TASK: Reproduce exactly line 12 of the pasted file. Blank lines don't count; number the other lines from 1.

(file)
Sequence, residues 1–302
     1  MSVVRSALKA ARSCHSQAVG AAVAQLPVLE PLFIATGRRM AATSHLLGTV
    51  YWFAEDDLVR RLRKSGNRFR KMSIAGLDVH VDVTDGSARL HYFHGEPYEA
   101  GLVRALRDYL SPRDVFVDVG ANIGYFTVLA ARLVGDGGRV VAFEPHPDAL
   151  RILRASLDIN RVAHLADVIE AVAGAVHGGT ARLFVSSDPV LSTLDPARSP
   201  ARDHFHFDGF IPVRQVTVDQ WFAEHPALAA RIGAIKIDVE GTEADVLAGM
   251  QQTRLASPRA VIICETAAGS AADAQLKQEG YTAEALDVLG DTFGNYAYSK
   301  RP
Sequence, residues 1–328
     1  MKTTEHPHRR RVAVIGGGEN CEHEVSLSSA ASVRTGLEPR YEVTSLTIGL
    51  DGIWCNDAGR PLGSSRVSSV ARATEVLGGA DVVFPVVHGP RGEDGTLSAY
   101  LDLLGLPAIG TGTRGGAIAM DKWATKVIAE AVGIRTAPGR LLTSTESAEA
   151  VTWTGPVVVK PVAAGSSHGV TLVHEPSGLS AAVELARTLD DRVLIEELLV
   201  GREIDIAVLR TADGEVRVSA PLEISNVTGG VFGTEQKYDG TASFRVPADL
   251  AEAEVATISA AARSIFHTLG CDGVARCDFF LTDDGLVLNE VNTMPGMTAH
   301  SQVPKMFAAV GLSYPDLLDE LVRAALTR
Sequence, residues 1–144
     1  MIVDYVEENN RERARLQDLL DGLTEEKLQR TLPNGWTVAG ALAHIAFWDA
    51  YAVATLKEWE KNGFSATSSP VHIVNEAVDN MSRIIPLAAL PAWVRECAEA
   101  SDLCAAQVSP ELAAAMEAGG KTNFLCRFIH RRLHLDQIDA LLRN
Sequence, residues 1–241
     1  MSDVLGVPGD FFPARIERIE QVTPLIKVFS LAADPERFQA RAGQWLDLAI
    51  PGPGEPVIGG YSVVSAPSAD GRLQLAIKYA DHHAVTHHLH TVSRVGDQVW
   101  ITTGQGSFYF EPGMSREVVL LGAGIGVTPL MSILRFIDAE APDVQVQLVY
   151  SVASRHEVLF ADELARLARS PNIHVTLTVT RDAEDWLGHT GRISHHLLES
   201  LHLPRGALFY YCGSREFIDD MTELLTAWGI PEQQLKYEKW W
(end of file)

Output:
   101  LDLLGLPAIG TGTRGGAIAM DKWATKVIAE AVGIRTAPGR LLTSTESAEA